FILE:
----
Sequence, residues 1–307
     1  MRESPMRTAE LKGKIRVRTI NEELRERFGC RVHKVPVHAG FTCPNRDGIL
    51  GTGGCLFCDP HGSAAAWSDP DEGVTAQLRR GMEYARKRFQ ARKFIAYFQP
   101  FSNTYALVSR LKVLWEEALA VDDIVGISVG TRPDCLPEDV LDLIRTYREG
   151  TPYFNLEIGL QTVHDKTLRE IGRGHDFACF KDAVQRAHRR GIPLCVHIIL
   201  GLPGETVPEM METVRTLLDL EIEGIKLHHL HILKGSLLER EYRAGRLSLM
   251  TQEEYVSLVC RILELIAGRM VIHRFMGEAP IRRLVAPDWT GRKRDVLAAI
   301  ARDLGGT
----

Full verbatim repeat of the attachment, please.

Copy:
Sequence, residues 1–307
     1  MRESPMRTAE LKGKIRVRTI NEELRERFGC RVHKVPVHAG FTCPNRDGIL
    51  GTGGCLFCDP HGSAAAWSDP DEGVTAQLRR GMEYARKRFQ ARKFIAYFQP
   101  FSNTYALVSR LKVLWEEALA VDDIVGISVG TRPDCLPEDV LDLIRTYREG
   151  TPYFNLEIGL QTVHDKTLRE IGRGHDFACF KDAVQRAHRR GIPLCVHIIL
   201  GLPGETVPEM METVRTLLDL EIEGIKLHHL HILKGSLLER EYRAGRLSLM
   251  TQEEYVSLVC RILELIAGRM VIHRFMGEAP IRRLVAPDWT GRKRDVLAAI
   301  ARDLGGT